Figure 1.

Examples of thrombotic complications in patients with coronavirus disease 2019 admitted to ICU. A, Large thrombus in the left lower lobe pulmonary artery (thick arrow) with wedge shape reduced lung attenuation indicating reduced perfusion (small arrows). B, Segmental thrombus (thick arrow) in the right lower lobe with visible reduced lung perfusion (small arrows). C, New watershed ischemic lesions (small arrows). D, Multiple splenic infarctions (small arrows). E, Thrombus in the right iliac vein (arrow) with cannula in the opposite side vein.

Pulmonary artery thromboembolism was observed in 34 patients (47%), 12 (35%) of whom had thrombi in the main pulmonary artery and/or the proximal branches, while in the remaining 22 (65%) patients, thrombi were only visualized in the segmental and subsegmental pulmonary artery branches. Of the 34 patients with pulmonary artery thrombosis, 27 (77%) did not have radiological evidence of peripheral deep venous thrombosis. Of 15 patients with deep venous thrombosis, seven (47%) had no CT evidence of pulmonary artery thrombosis.

Arterial thrombosis and/or systemic embolism were observed in five patients (7%). Aortic macrothrombosis was present in two patients. Embolic ischemic changes were observed in five patients (splenic infarction, n = 2; bowel ischemia, n = 1; ischemic stroke, n = 2; and renal ischemia, n = 1). All patients with arterial thrombosis also had pulmonary thrombosis, but none had peripheral venous thrombosis. Intracerebral hemorrhage was present in two patients. There was no difference in the mean length of ICU stay in patients with and without thrombotic complications (32 ± 18 vs 31 ± 15 d, respectively [p > 0.53]; Table 4). Patients with thrombotic complications were more likely to die, and patients without thrombotic complications were more likely to be discharged alive (p = 0.022; Table 4). There was no significant difference in LOS in patients with or without ECMO (p = 0.546) and in those with or without thrombosis (p = 0.53) (Table 4; and Supplementary Table 2, https://links.lww.com/CCM/G185). From 20 cases on ECMO and imaging evidence of thrombotic complications, thrombosis was detected in 14 patients (70%) on the admission CT scan, immediately before or after the ECMO initiation. In six patients, the mean time from ECMO to the detection of thrombosis was 9 days (+4 d; 3–14 d). This indicates that in a significant number of cases, the thrombosis was likely present prior to ECMO initiation. In the other 30%, thrombosis occurred later and despite full anticoagulation.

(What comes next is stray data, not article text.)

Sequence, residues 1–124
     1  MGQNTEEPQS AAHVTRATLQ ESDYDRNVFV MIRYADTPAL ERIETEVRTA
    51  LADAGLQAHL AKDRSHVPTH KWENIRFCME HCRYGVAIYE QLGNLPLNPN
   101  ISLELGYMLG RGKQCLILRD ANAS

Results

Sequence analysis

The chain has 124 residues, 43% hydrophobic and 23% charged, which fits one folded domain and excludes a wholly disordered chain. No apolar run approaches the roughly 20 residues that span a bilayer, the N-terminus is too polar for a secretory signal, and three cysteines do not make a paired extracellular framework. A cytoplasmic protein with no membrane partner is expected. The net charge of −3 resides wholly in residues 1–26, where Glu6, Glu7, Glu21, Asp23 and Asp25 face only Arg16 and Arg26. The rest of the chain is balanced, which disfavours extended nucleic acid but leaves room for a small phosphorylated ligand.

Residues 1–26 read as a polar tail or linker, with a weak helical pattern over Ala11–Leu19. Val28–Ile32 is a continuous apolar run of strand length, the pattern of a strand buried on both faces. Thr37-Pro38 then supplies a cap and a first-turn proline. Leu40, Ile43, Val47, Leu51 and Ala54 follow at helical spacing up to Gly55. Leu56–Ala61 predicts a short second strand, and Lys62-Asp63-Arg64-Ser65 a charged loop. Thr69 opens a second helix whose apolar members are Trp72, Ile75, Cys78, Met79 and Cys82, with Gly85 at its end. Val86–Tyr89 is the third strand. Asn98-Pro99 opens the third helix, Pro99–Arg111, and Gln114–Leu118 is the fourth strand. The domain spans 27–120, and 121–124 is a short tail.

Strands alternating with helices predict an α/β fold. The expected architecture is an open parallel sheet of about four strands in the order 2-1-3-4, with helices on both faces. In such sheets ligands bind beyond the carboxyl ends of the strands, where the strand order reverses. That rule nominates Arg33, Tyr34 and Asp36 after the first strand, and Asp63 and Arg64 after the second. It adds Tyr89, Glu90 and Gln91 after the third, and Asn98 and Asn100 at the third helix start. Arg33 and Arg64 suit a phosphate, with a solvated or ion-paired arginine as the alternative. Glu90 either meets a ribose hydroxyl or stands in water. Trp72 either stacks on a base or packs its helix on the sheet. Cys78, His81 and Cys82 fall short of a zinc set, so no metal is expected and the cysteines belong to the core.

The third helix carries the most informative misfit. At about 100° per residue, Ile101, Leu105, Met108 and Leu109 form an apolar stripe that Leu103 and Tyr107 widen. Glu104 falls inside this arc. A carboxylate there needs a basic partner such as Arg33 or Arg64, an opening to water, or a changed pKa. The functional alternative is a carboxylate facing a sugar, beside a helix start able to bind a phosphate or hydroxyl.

Relation of Clinical Characteristics and Biomarkers to Thrombotic Complications

Specific demographics (i.e., male gender, non-Caucasian ethnicity, history of hypertension, and diabetes) were not associated with a higher risk of thrombotic complications (Table 1). The following biomarkers on ICU admission were interrogated for their relationship to subsequent thrombotic complications: D-dimer (with or without age-adjustment), aPTT, international normalized ratio, platelet count, WBC count, lymphocyte count, hs-CRP, and fibrinogen (Table 2 and Table 3). None of these variables alone, or in univariate analysis, or in combination as part of multivariate analysis, was predictive of thrombotic complications.